Chia - Anutra


Salvia hispanica

The existence of Chia seeds goes back to 3500 BC. It was cherished by the peoples of Central America. Chia is an edible seed that comes from the desert plant Salvia hispanica, a member of the mint family. It grows abundantly in southern Mexico. In pre-Columbian times chia seeds were a main component of the Aztec and Mayan diets and were the basic survival ration of Aztec warriors. One tablespoon was said to sustain an individual for 24 hours. The Aztecs also used chia medicinally to stimulate saliva flow and to relieve joint pain and sore skin.

Chia is very rich in omega-3 fatty acids and is rich in antioxidants. Chia does not deteriorate and can be stored for long periods without becoming rancid. Chia seeds provide fiber (25 grams give you 6.9 grams of fiber) as well as calcium, phosphorus, magnesium, manganese, copper, iron, molybdenum, niacin, and zinc. When chia is added to water and allowed to sit for 30 minutes, chia forms a gel. Researchers suggest that this reaction may also takes place in the stomach, slowing the process by which digestive enzymes break down carbohydrates and convert them into sugar.
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Chia seeds were originally used by the Mayans as an energy supplement. The running messengers used to carry a little pouch of the seeds around with them. So, chia has been called the “Indian running food”. Chia Seeds provide a major source of Omega-3 in the form of ALA. It is well known that Omega-3 has a beneficial effect on Cardiovascular Disease. New studies are showing that chia seeds also have beneficial effects on reducing triglycerides. Animal studies suggest that omega-3 can reduce brain levels of the amyloid proteins associated with Alzheimer's disease and reduce irregular heartbeat. Omega-3 help stabilize the heart and reduce cases of sudden death. Christopher DeGiorgio, professor of neurology at University of California, Los Angeles, has been testing this theory in epilepsy. For us with PLD and PKD, the benefits of Chia is that there is no growth of liver cysts experienced when taking chia seeds. Whereas other food sources of ALA, such as salmon, tuna, mackerel, flaxseed do cause an increase in cyst growth.


Omega 3 is found naturally in fatty fish such as salmon, mackerel and sardines. While omega 3 is generally safe, some side effects include a fishy aftertaste, gastrointestinal disturbances, nausea, and cyst growth. Omega-3 from fish oil may contain mercury and are higher in environmental toxic components. These side effects of omega-3 can be avoided with grain sources of omega-3 like chia seed.



  • • 2 times the protein of any other seed or grain
  • • 5 times the calcium of milk
  • • 2 times the amount of potassium as bananas
  • • 3 times more iron than spinach
  • • and of course, copious amounts of omega-3 and omega-6, and essential fatty acids or EFA's
  • • 30% of the chia seed’s oil is Omega 3 oil. 40% of its oil is Omega 6 oil. Chia provides a nice balance for those who take supplemental Essential Fatty Acids. Chia seed’s substantially dense percentage in alpha-linolenic fatty acid also makes this seed a healthy dietary source of fatty acids.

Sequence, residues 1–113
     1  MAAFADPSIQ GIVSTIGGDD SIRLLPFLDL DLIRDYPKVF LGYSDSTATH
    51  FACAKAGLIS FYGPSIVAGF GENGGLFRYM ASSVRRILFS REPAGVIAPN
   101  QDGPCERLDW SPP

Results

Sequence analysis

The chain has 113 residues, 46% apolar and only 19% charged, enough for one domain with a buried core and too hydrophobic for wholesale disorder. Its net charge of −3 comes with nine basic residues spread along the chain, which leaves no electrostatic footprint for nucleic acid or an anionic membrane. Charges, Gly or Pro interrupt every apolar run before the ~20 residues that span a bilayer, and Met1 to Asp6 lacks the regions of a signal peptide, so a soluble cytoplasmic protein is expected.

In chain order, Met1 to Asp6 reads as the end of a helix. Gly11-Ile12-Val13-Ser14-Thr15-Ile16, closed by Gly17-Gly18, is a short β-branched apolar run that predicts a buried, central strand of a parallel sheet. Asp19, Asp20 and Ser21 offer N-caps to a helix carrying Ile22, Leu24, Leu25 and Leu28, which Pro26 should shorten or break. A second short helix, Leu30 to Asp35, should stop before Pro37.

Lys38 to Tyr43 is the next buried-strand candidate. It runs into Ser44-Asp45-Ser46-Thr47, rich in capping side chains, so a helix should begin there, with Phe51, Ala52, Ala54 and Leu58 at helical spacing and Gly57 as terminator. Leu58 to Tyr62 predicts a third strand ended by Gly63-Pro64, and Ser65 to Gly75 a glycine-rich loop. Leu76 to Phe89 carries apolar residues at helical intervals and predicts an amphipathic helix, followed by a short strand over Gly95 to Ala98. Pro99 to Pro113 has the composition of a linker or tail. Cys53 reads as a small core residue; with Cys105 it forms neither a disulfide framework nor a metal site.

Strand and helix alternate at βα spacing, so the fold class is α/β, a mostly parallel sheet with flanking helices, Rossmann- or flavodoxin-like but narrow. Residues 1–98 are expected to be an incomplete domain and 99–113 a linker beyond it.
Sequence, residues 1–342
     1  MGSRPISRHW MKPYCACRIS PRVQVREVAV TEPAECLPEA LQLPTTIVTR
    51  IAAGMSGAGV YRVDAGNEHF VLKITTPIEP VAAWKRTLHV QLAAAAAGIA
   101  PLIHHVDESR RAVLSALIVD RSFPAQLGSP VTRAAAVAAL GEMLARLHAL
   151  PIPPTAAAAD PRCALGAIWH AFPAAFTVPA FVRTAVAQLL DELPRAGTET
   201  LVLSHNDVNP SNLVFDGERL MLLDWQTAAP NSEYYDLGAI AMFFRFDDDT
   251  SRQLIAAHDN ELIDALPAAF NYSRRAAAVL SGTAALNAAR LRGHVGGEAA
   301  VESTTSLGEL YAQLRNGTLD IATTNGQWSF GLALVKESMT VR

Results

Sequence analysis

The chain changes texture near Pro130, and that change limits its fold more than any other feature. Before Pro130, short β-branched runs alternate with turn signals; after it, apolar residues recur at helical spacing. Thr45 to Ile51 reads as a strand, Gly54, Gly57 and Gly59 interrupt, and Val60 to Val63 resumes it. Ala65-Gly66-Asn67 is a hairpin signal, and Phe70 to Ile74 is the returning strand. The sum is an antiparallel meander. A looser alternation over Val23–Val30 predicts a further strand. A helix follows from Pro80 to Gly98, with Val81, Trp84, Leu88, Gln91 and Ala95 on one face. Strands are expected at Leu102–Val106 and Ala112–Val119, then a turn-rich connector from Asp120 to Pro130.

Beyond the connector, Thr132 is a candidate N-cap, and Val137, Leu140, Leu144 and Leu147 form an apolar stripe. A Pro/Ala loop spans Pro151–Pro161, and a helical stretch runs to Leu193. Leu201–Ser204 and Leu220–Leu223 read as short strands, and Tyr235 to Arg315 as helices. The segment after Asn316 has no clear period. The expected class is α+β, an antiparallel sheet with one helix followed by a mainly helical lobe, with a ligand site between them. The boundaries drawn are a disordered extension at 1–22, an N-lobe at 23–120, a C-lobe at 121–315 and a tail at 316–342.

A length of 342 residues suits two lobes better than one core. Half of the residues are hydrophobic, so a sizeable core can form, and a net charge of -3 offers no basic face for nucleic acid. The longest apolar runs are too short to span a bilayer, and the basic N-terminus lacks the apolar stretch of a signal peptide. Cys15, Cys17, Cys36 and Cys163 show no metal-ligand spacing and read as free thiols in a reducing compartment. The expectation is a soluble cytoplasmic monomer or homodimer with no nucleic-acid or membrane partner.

• • You do not need to grind the Chia Seeds to digest it. It is a relatively easy to digest seed, whereas flax seeds are not. Often, one has to grind flax seeds to be able to process them in their digestive system. That is not the case with chia seeds. Flax contains phytoestrogens whereas chia does not.
  • • The chia seeds are great for athletes because they are highly hydrophilic. Being hydrophilic means it absorbs large amounts of water. Chia Seeds can absorb over 10 times their weight in water making them a great enhancer in hydrating our bodies. They absorb the water we drink holding it in our system longer. Studies show that eating chia seed slows down how fast our bodies convert carbohydrate calories into simple sugars. This can help PLD'rs maintain a steady sugar level.
  • • Chia seed gels when becoming wet and this gel, when in our digestive systems, helps prevent some of the food, hence calories that we eat from getting absorbed into our system. This blockage of calorie absorption makes the chia seed a great diet helper. Eating the seeds also helps dieters by making them feel fuller faster so they will be less hungry!
  • • Chia seeds are high in fiber and in healthy oils making them an excellent addition to a diet.
  • • Chia seeds provide antioxidant activity



Chia seeds are recommended as adjunct treatment for cancer chemotherapy. It boosts energy levels and provides essential nutrients. This seems to help a body undergoing cancer treatments. Chia seeds are good but at the same time there are some side effects from these seeds. It can lower the blood pressure in your body, especially, if you are someone in s more senior age group. Take extra care, as Chia seeds are capable of lowering blood pressure to very low levels. This seed is a great source of vitamin B-17. Chia is high in phytonutrients. People who take blood thinners like warfarin should exclude this from their diet as Chia seeds may increase the risk for bleeding. Chia may be an allergic food as it is the member of the salvia genus – mustard seeds and sesame seeds are from this same family.

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last updated: Friday, April 23, 2010 1:10 PM